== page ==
For as long as I have been involved in missions, there has been a debate about whether short term missionary teams do more harm then good. As someone who has spent almost a decade now accommodating such teams, it is a question that I have thought over a lot! Here is a list of sample arguments that I’ve heard:

1. “For the money that it takes to send a team to the field, we could support a whole missionary family (or church plant, or feed a small village) for a month. Wouldn’t it be best just to send the money itself?”
2. “We as Americans are generally not culturally sensitive. Other cultures will see us as loud and inconsiderate, and the local ministries that host us will look bad.”
3. “It is way too stressful or tiring for the local pastors or missionaries to deal with short term teams; shouldn’t they be more invested in preaching, evangelism, and things like that?”
4. “The local culture will see us with our Nikon cameras that are worth what would be more than a year’s pay for them. They’ll feel bad about the poverty that they are in. Won’t that be doing more damage and causing awkwardness?”
5. “The people on the team are the only ones that get anything out of it- they don’t even speak the local language!”
6. And many many more!

A book could be written responding to each of these arguments. My belief and experience is that, while there can be some negative examples, short term missions trips can be a blessing from God for all involved! The key is prayerfully striving to maintain certain key principles. Here are some of the pointers that I feel can act as safeguards from losing our focus when it comes to trips:


1. Educate the team – Sometimes our focus is on getting names on those signup sheets. But after sign up, team members should be challenged as to things like their vision for the trip versus God’s vision, being a vacationary or a missionary, cultural sensitivity, etc. Getting a team itinerary together and into their hands as early as possible is a great way to begin that process, because it gives them a sense of God’s purpose for the trip.

2. It’s not about raising the financial status of the country – While Jesus would definitely call us to minister through our material goods, we have to remember that the Gospel states that Jesus wants to save them just as they are. The goal isn’t for them to look like us or have the same things that we do (those things don’t make us happy anyway!). The goal is that they would accept Jesus Christ as their Lord and Savior. After they hear that message, if they need a leak fixed in their roof, we’re on it!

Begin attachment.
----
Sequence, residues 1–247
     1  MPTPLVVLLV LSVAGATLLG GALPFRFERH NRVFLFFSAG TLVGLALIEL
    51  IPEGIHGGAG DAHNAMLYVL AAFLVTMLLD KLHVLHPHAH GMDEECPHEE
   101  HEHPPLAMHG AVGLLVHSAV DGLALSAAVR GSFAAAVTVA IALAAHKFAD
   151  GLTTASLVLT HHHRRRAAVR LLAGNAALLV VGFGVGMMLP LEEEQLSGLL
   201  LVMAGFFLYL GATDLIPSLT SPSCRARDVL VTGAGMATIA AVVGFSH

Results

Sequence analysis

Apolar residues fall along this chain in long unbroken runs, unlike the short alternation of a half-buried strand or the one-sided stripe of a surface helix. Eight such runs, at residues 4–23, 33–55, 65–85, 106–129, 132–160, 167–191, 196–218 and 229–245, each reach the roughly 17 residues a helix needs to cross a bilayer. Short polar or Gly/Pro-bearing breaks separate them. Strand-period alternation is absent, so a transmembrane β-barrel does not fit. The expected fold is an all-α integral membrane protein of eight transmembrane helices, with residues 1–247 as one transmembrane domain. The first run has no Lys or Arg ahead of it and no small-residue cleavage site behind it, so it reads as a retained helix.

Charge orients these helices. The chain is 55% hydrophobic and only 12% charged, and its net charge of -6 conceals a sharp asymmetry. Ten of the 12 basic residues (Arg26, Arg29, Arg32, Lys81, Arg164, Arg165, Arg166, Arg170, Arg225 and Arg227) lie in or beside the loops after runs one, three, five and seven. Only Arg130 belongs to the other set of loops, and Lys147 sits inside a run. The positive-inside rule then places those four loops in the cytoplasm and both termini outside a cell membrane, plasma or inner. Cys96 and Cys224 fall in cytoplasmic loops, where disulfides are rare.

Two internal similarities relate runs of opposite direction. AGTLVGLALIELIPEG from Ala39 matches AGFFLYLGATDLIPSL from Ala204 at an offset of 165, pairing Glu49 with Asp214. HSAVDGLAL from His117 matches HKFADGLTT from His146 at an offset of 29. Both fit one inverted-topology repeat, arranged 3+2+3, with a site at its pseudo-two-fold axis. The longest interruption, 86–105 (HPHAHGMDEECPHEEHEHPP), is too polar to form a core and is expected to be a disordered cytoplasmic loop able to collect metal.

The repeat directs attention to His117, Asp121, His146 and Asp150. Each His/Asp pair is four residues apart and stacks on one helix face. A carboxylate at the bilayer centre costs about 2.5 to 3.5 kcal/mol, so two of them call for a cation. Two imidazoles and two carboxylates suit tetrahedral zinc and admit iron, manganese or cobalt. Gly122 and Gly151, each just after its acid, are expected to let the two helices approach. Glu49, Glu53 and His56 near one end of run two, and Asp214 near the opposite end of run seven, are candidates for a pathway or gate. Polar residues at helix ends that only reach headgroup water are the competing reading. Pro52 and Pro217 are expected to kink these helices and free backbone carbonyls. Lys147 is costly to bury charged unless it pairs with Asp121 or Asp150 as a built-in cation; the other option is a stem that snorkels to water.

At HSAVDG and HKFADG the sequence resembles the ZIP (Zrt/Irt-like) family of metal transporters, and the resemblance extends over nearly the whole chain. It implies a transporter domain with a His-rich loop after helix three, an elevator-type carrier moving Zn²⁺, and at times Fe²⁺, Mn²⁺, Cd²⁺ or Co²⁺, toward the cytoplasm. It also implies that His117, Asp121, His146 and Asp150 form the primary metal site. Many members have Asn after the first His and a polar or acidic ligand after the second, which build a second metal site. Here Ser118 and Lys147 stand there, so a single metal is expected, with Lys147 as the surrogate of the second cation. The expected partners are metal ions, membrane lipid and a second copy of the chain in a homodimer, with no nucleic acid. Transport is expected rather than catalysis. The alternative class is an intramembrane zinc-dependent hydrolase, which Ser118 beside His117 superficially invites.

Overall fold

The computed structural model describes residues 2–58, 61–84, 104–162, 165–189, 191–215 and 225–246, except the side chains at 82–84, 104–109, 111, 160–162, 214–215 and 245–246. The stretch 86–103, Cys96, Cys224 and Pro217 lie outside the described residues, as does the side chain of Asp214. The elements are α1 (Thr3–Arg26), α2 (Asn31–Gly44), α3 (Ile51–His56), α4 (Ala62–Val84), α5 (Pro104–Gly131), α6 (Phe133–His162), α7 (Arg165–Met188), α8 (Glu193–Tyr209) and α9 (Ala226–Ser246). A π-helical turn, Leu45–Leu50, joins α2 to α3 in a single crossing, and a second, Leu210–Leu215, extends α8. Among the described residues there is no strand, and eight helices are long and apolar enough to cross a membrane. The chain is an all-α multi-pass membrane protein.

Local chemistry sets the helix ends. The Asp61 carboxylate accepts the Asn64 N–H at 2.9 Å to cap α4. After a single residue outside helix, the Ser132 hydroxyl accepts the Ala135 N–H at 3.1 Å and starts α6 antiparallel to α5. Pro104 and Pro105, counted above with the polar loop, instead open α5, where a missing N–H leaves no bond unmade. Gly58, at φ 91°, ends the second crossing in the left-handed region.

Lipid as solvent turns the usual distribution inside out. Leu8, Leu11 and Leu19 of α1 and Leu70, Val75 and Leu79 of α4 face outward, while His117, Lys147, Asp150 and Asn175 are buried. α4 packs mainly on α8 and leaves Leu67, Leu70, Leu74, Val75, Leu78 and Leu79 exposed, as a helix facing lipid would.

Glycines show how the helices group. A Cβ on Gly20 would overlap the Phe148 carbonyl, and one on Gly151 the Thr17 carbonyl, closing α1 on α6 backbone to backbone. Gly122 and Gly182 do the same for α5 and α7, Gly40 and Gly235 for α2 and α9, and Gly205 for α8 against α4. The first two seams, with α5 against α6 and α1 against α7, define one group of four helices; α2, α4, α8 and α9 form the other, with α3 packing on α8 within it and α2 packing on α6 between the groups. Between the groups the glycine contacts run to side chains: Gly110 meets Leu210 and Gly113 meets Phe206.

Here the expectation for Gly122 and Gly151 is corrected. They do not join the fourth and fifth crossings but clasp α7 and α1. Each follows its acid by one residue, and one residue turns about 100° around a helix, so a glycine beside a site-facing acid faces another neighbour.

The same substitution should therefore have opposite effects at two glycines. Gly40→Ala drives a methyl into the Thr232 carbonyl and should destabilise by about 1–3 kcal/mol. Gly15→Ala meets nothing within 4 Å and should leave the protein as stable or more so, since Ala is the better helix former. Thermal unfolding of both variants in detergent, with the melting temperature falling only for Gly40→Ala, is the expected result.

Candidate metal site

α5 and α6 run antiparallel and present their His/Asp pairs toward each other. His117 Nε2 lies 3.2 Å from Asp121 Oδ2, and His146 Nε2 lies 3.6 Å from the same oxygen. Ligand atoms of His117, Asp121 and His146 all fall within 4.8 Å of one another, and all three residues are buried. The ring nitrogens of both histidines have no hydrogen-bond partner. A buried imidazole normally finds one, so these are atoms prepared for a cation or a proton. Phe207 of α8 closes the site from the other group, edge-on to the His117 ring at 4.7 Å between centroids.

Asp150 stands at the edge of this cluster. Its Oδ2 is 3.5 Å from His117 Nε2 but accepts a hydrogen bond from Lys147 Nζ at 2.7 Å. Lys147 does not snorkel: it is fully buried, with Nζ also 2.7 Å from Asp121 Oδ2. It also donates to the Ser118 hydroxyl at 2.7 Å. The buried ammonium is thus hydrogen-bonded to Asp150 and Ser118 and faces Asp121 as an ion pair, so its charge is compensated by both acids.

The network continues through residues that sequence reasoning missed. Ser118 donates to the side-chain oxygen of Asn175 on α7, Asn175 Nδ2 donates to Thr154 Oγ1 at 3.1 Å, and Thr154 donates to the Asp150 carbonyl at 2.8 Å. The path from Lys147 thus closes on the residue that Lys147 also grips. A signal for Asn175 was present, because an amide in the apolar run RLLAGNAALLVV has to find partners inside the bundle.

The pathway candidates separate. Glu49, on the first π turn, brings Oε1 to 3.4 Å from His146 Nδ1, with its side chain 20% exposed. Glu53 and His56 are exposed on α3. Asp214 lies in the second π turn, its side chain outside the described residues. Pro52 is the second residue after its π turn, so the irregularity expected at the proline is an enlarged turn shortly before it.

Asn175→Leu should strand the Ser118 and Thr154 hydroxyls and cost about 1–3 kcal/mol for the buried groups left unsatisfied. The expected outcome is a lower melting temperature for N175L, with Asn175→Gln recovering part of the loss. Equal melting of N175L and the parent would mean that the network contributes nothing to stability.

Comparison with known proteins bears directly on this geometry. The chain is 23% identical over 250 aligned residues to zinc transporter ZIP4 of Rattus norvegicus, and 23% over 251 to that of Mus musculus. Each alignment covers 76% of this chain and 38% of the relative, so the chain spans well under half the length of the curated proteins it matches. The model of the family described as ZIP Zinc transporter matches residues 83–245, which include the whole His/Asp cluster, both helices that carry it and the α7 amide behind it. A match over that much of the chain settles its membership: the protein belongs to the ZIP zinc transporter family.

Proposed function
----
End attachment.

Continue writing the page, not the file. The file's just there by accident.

3. Short term team members need discipleship – (this is especially to my fellow missionaries) guys, before you get frustrated with short term team members, remember that God sent each individual your way for a reason. Consider the fact that many of the people who come on missions trips might not even be saved! In my eyes, that means that behaving as if they were a burden is expressing discontentment with God; and complaining at their lack of spiritual maturity or cultural insensitivity is a waste of time- that’s why He brought them to you! Look at each individual on the team as an opportunity to disciple, teach, or even evangelize.

4. Focus on loving and edifying people more than projects – it’s no secret that we as Americans generally are addicted to getting things done in the allotted time. “We have such and such an amount of time to (pass out food, build a house, fill in the blank) before we have to go.” While there is nothing wrong with this, and it gives us a great feeling to see the immediate results of our projects, I believe we need to brainstorm about things that leave a lasting impact relationally with the locals for the good of the local church. Finding a local church, visiting their five core families with gifts in hand, asking them what they would like prayer for- that is an example of something that has an eternal effect on people and strengthens the backbone of the local church.

5. Focus on long term goals for the Gospel – and the local church short term trip can have long term results with prayerful and thoughtful planning. So much of international missions is consistency, and it’s a beautiful thing to see short term team members coming back year after year- working in the same direction, visiting the same people, actively showing them that they are worth visiting. This takes a lot of diligence and collaboration with local ministries- the results are incredible!